Monday, June 7, 2010

CeBIT 2010: Silent Sound Technology - Endless Possibilities


3:35 PM |

In the 2010 CeBIT's "future park", a concept "Silent Sound" Technology demonstrated which aims to notice every movement of the lips and transform them into sounds, which could help people who lose voices to speak, and allow people to make silent calls without bothering others.
Silent Sound TechnologyThe device, developed by the Karlsruhe Institute of Technology (KIT), uses electromyography, monitoring tiny muscular movements that occur when we speak and converting them into electrical pulses that can then be turned into speech, without a sound uttered.
The technology opens up a host of applications, from helping people who have lost their voice due to illness or accident to telling a trusted friend your PIN number over the phone without anyone eavesdropping -- assuming no lip-readers are around.
The technology can also turn you into an instant polyglot. Because the electrical pulses are universal, they can be immediately transformed into the language of the user's choice.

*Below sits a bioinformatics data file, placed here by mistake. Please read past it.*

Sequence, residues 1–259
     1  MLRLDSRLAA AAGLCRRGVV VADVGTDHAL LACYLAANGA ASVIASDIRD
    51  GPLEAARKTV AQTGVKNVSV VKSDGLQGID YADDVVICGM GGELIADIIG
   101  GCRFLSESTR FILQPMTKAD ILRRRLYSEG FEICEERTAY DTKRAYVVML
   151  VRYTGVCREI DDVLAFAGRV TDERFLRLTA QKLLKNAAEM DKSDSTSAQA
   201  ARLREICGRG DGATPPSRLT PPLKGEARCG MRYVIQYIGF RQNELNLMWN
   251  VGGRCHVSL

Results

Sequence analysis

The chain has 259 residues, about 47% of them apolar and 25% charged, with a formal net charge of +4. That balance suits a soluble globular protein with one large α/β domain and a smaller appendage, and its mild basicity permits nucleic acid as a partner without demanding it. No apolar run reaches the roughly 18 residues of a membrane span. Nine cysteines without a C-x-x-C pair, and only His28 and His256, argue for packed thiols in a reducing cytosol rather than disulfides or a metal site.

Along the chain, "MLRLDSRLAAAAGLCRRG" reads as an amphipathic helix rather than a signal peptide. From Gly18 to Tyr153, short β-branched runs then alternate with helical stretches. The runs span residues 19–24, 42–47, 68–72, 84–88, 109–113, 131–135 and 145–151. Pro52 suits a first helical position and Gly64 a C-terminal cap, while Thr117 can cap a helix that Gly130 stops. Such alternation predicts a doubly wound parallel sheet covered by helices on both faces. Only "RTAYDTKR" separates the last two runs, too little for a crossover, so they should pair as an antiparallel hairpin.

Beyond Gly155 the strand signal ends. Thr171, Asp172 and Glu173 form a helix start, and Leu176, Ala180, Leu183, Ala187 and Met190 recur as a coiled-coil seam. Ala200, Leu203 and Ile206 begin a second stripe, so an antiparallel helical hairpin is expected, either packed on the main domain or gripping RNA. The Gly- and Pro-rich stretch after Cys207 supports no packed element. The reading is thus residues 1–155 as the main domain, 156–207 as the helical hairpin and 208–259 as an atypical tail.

"Native speakers can silently utter a sentence in their language, and the receivers hear the translated sentence in their language. It appears as if the native speaker produced speech in a foreign language," said Wand.
Silent sound DeviceThe translation technology works for languages like English, French and German, but for languages like Chinese, where different tones can hold many different meanings, poses a problem, he added.
You could pass the time by making phone calls from the cinema without disturbing anyone. In noisy places like bars and clubs you could feasibly make yourself heard without having to shout. The technology would be particularly handy if you've been taken hostage but managed to work your bound hands free enough to retrieve your secret mobile, dial and get your face close enough for the technology to work.
The engineers have got the device working to 99 percent efficiency, so the mechanical voice at the other end of the phone gets one word in 100 wrong, explained Wand.
"But we're working to overcome the remaining technical difficulties. In five, maybe ten years, this will be usable, everyday technology," he said.

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